CANNES, France -- A chilly downpour greeted arrivals on the Côte d'Azur this week, with the promise of more un-beach-friendly weather to follow. Parties, interview sessions and other manufactured events were feverishly rescheduled to more sheltered locations. But while the sunny weather and picture-postcard scenery of the Riviera are usually a lot more pleasant this time of year, they aren’t the real reason why the entire film industry descends on this overgrown resort town for 10 days every spring. Now we all have an excuse to head indoors and watch movies.
I’ve already read other critics proclaiming in advance that this 66th Festival de Cannes -- which got underway on Wednesday night with the star-studded but rain-soaked European premiere of "The Great Gatsby," followed by murky midnight fireworks -- will be a memorably great one, with one of the strongest lineups in years. OK, sure, maybe. But more than anything, that’s a film-industry reaction to the fact that this festival has premiered several movies in recent years that made a big impact in America, “The Artist” and “Amour” being the most obvious examples. It’s certainly possible that this year’s festival will produce Oscar-winning films or culture-condensing moments, and a lot of people are looking forward to Alexander Payne’s “Nebraska,” the Coen brothers’ “Inside Llewyn Davis” and “Jimmy P.” -- the first English-language film from the great French director Arnaud Desplechin -- with that in mind. (Should I work in a gratuitous mention of James Franco's Faulkner adaptation, "As I Lay Dying"? Sure, why not? Puzzlingly, that is officially Franco's fifth feature as a director.)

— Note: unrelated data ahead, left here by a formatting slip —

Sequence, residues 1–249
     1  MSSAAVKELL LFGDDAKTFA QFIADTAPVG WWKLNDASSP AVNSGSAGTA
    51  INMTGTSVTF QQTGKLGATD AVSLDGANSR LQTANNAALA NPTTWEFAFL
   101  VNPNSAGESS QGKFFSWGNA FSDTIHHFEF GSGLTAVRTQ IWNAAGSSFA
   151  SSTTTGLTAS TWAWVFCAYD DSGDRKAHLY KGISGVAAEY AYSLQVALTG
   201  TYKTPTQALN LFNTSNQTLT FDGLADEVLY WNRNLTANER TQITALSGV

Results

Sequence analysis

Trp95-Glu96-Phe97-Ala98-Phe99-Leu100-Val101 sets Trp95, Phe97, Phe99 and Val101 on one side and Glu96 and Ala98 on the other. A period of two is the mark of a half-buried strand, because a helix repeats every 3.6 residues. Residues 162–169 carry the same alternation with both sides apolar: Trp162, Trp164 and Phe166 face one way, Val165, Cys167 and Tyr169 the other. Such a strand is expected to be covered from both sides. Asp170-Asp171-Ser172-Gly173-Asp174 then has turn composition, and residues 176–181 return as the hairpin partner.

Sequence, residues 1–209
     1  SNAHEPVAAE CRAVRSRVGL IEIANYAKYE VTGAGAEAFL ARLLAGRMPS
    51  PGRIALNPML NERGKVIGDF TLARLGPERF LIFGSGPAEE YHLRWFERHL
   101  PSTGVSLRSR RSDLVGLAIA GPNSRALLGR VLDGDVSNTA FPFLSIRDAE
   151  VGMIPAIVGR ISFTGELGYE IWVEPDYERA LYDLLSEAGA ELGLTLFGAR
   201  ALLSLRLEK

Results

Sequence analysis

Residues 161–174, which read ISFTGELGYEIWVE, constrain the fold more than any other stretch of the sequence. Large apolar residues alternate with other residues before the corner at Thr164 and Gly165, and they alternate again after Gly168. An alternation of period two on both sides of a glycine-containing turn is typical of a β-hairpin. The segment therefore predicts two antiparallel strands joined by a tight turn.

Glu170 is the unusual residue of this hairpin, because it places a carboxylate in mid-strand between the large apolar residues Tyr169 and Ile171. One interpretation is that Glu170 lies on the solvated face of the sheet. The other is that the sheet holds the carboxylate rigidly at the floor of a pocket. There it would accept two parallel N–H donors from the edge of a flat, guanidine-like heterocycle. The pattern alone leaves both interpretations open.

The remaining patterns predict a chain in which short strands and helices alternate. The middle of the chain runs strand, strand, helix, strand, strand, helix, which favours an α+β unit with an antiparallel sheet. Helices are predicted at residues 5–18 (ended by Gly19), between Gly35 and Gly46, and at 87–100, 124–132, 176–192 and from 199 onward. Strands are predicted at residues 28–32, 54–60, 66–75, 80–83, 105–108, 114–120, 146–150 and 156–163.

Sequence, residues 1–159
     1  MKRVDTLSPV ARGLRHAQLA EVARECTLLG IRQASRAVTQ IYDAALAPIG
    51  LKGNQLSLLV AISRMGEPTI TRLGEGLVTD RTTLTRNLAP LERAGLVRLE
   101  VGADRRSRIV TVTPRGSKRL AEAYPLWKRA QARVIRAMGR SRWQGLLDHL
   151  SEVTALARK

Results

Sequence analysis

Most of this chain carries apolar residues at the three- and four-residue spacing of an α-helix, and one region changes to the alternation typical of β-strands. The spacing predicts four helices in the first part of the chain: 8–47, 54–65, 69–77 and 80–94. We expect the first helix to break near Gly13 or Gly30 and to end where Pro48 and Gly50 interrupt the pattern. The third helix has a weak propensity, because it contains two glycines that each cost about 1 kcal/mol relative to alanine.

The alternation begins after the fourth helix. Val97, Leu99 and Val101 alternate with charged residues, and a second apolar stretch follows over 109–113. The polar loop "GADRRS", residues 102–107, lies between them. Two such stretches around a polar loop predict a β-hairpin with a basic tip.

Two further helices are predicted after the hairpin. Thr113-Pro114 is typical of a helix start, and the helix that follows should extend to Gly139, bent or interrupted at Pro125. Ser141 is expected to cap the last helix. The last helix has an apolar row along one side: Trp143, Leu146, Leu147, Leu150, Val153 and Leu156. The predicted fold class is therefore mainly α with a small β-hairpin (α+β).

But there’s a lot more to Cannes than star power and awards calculus, important currency as those things may be. The true value of this festival still lies the fact that immensely knowledgeable people have curated a list of unseen and ambitious cinema from all over the globe, most of which hardly anyone knows about and some of which will be very difficult to ever see again. I’m profoundly grateful for the time I’ve spent here over the years watching movies I knew nothing about purely on impulse, from Lucrecia Martel’s "The Headless Woman" to Naomi Kawase’s “The Mourning Forest” to Albert Serra’s “Birdsong,” which ended up blowing my mind and ever so slightly altering the course of my life. So this list, exciting as it is, reflects the movies that the film-crazed tea-leaf readers of Cannes already know about, the discoveries we’ve made in advance. The real discoveries – the ones that will determine whether people murmur regretfully during future festivals, “It was good, but it was no 2013” – those still lie ahead.